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Have a drink of icy, cold water. Take a moment to savor this refreshing thirst quencher. Take another moment to appreciate the fact that this healthful, sparkling liquid is available, pure and simple, at your fingertips; all you have to do is turn on a tap. Not everyone in the world is so blessed.

And this is an extra-good time to count our blessings: National Drinking Water Week, an observance sponsored by the National Drinking Water Alliance, a coalition of 16 nonprofit groups, to remind people that water is a precious resource to be enjoyed and to be protected.This year marks the 20th anniversary of the Safe Drinking Water Act, a federal law that sets health and safety standards for public drinking water in the United States. Originally passed in 1974, several amendments were added in 1986 to make the act more stringent. And this year, Congress is again studying the law and possible revisions, to make sure it protects public health in the best possible ways.

Currently more than 200,000 individual public water systems are regulated by the Safe Drinking Water Act. More than half of those serve people on a transient basis, such as certain campgrounds and gas stations that have their own water supplies.

The law gives the Environmental Protection Agency the authority to develop specific regulations to ensure the safety of our water supply. Currently, every public water system must test for more than 80 individual contaminants.

Water is an ongoing concern. Although it is constantly being cycled through nature's system of evaporation and condensation, water is a finite resource. We have the same amount of water today as we did when the Earth was formed.

This water not only must supply our household needs for drinking and cleaning, it is used for recreation, commerce and industry. Which is why the Drinking Water Alliance wants everyone to be a "blue thumb" water-user, one who helps take care of our water supply through responsible use. "With more than 200 million pounds of contaminants dumped, dropped or dripped into our water resources each year, every one of us needs to incorporate water-wise ways into our daily lives," says the alliance. "We need to make taking care of water second nature."

This week is a good opportunity to make a habit of some simple water-wise actions. It's also a good time to take a look some other news and views along the "water front":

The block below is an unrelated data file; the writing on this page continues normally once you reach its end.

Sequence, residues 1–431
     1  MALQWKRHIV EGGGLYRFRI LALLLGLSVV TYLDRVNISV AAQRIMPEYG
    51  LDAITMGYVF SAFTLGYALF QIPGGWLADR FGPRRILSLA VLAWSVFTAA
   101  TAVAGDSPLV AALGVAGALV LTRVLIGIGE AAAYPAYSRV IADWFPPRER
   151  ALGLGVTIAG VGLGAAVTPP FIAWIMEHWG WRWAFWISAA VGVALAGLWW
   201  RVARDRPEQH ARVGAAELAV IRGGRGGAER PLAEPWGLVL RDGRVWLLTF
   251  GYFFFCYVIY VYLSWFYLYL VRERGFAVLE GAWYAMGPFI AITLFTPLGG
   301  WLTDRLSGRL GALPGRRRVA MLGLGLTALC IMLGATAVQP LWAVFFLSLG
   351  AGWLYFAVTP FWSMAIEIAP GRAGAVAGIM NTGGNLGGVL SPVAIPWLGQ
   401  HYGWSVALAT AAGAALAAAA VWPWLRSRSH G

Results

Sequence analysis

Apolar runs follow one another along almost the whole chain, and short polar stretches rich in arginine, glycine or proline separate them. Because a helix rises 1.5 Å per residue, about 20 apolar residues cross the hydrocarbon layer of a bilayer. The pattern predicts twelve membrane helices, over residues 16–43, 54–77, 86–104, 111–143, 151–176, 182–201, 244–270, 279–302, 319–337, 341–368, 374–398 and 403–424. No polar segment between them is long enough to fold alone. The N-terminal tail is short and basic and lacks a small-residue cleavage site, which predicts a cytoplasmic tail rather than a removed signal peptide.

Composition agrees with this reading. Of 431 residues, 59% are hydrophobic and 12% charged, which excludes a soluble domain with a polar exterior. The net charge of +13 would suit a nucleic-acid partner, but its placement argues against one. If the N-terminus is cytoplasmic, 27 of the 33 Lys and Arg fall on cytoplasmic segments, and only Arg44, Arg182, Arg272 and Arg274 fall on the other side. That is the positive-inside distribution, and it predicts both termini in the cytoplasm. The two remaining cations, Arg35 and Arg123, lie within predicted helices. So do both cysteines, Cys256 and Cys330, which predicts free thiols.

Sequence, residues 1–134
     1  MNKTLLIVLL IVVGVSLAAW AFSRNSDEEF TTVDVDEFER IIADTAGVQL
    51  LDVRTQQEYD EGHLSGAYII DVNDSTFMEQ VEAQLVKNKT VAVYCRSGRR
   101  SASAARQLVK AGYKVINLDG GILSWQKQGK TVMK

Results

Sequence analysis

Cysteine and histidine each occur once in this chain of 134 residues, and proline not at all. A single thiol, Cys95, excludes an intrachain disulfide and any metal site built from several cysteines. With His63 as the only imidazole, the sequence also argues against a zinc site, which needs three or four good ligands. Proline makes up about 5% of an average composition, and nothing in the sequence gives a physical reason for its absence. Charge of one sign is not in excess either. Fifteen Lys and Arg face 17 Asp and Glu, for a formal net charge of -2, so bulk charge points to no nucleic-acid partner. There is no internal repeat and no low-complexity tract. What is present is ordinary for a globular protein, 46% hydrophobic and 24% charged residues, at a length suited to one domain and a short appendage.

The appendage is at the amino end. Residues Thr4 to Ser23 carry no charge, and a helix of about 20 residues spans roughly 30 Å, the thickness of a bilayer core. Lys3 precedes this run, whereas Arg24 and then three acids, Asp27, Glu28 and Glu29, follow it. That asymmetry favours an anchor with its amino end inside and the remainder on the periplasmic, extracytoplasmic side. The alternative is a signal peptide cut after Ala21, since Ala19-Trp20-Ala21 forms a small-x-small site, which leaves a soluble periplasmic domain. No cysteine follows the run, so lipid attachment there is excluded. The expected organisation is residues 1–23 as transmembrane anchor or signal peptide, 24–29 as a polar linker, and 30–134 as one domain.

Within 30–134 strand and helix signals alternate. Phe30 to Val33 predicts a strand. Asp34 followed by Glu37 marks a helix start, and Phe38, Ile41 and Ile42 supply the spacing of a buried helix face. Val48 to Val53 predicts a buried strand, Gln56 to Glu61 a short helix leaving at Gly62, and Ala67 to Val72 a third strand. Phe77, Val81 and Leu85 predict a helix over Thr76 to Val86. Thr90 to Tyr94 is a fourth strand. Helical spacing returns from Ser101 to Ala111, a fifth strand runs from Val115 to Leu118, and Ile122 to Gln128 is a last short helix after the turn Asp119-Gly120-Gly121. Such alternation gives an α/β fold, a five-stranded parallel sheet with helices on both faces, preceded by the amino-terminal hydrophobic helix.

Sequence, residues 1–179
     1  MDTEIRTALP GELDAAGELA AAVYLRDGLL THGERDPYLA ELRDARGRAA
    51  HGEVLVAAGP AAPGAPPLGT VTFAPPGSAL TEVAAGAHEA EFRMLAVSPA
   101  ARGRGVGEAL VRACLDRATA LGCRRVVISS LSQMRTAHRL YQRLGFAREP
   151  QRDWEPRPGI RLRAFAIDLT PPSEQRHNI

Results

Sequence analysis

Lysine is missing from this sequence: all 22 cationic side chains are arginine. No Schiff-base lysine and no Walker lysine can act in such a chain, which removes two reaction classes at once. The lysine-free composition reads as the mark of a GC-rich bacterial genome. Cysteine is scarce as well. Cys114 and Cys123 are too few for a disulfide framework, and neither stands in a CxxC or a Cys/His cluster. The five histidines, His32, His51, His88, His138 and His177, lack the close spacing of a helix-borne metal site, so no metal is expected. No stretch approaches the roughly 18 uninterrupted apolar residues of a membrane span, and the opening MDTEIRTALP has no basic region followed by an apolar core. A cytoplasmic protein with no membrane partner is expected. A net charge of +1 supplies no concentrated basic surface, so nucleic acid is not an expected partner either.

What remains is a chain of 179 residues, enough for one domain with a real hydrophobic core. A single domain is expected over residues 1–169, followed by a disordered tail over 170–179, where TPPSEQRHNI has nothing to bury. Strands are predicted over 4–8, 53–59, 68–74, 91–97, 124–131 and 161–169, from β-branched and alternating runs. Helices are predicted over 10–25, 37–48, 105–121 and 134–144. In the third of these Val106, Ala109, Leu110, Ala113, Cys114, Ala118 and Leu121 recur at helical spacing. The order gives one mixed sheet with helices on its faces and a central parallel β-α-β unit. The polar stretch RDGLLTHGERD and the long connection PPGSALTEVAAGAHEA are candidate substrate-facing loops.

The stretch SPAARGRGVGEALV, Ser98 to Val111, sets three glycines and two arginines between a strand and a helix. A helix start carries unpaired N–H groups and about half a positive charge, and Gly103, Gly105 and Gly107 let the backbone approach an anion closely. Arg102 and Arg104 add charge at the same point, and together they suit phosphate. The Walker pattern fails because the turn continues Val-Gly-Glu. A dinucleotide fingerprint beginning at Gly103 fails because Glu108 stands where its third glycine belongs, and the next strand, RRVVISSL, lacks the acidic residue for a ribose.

- According to the Water Quality Association, about 22 million U.S. households seek an alternative to tap water for drinking. Sales of home drinking water systems and services grew by 16 percent in 1990 alone, to a $700 million industry. In addition, nearly one out of six households consumes bottled water instead of tap, making bottled drinking and beverage water a $2.2 billion industry.

- According to a survey by National Family Opinion Research, eight out of every 10 homebuyers feel that pure drinking water is a very important issue when buying a new home. Warranties for water pipes rank fourth on the list of preferred warranties, after warranties for roofs, furnaces and air conditioners.

- Before the turn of the century, water flowing through the pipes to kitchen taps in central Florida could be of the recycled kind. Regional officials there recently approved a series of innovative water-supply projects costing about $225 million over the next decade that will provide roughly 120 million new gallons of water each day for residents, businesses and farmers primarily by treating wastewater and returning it to the system.

If this one succeeds, look for similar projects in other areas.

- The Energy Policy Act of 1992 prohibits manufacture of toilets, as of January 1994, that use more than 1.6 gallons of water for a flush. Most toilets now use 3.5 or more gallons per flush.

Toilets are responsible for 35 percent of all residential water usage. According to the U.S. Department of Housing and Urban Development, nearly 4.8 billion gallons of water is flushed down American toilets each day. Replacing toilets with new low-consumption toilets would save almost 70 percent of the current U.S. water supply and about 5,500 gallons of water per person each year.